Your Subject is not Your Subject.

Pushing past the obvious in photography.

“Casual Dining” by Josh S. Rose. Los Angeles, 2016.

I wish I could credit this piece of advice appropriately. I didn’t come up with it. It came from a guy who shoots sunsets. Really good sunset shots. Like, he’s the best sunset photographer maybe anywhere — that was the impression I got. The way he described it, you don’t shoot the sunset. In fact, you shoot anything but the sunset. And he didn’t even describe it like that, but that’s how I remembered it. He also had the more salient piece of advice, to shoot after the sun goes down. That’s when things really light up.

The best general advice always seems to be this kind of specific advice. I tend to think that all photography benefits from this approach. Or at least the kind of photography that I like to look at with my eyes. If it’s too spot on, it tends to feel clinical to me. Even when the subject is something emotional, it seems almost crass to me to shoot it straight on. Underserves the emotion, even. Maybe because it takes no interpretation on my part. A clinical look at something emotional is still a clinical look. And because, as Ansel Adams said,

“There are always two people in every picture: the photographer and the viewer,”

I can get kind of a cold feeling when that first person has the objectivity of a doctor. Or even a documentarian. Don’t get me started on doctormentarians.

“Stuck in the Past.” by Josh S. Rose. Los Angeles, 2016. (La Brea Tarpits)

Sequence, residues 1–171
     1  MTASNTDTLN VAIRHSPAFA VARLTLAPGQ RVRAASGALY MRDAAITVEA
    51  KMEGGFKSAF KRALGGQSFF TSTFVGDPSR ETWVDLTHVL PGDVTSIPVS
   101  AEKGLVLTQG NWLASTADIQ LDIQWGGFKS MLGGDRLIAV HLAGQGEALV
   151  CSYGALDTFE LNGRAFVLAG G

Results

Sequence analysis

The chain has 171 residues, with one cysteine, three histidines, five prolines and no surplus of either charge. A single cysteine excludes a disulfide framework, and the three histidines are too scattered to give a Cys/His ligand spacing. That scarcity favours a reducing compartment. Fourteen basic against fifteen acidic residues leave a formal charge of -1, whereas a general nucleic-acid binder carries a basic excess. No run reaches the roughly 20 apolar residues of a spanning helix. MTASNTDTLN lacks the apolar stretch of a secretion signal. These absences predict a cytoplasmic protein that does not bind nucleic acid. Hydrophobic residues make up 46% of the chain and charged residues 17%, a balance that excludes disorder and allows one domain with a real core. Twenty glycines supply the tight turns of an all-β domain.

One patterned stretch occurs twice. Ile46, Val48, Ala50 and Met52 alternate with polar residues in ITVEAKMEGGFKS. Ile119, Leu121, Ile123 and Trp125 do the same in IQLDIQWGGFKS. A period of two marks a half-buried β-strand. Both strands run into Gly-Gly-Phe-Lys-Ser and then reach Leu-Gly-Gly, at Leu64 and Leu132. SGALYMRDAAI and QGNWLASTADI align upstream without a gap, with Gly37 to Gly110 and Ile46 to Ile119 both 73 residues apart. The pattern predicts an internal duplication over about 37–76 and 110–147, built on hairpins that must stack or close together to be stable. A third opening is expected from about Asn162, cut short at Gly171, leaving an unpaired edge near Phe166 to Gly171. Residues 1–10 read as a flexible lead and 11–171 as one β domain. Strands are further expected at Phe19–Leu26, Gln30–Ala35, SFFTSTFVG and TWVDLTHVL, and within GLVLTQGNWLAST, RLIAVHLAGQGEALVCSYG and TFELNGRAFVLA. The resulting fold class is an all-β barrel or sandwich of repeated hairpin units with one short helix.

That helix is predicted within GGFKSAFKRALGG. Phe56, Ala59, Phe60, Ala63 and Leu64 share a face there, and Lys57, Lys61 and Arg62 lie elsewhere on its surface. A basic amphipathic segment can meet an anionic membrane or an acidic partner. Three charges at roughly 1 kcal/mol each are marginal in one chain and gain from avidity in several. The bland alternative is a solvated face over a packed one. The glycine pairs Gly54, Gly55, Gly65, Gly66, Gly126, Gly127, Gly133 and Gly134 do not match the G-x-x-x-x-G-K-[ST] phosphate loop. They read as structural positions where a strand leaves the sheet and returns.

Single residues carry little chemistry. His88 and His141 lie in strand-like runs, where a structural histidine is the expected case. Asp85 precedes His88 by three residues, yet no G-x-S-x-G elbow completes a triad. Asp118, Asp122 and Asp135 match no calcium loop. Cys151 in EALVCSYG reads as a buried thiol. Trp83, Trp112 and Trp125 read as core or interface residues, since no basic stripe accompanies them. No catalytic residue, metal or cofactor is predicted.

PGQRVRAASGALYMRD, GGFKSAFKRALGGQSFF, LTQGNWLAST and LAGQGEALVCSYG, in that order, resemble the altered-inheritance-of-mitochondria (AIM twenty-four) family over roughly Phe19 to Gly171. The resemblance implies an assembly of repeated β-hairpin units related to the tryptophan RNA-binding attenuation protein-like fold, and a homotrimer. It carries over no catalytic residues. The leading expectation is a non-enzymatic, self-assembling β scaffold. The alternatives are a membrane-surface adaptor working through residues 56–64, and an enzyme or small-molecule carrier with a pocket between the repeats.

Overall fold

I wish I had taken pictures of everyone else at the La Brea Tarpits. It was like they were standing on an X. I’m not saying shooting a reflection is the most creative thing in the world, but I’ll be damned if I’m going to shoot fake prehistoric animals straight on. My subject is not my subject. Yes, mammoths — but what else? When does the sun go down here?

I find this to be true nearly everywhere I go anymore. There’s a great mural in downtown Los Angeles. I hang out by that thing all the time. And I actually point my camera at it quite a bit — it’s a large, three or four story face staring right at you. It’s hard not to be affected by it. But those shots never pass muster.

I hung out with my buddy Paul for about an hour and we just thought about how to shoot it without shooting it.

“Faces in Windows I” By Josh S. Rose. Los Angeles, 2016.

That was tough because you can’t frame a moving bus. Every vehicle’s reflection is different. So you had to luck out a bit, but we kept at it. A good exercise anyway. Maybe this is why I moved away from portraiture. I want to shoot more experimentally. I want to uncover something. The subject is just where you start. What happens from there — that’s the art.

It all happens just past sunset.


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A deep dive into photography, with professional photographer, artist and director, Josh S. Rose. Top Writer: Photography and Creativity.

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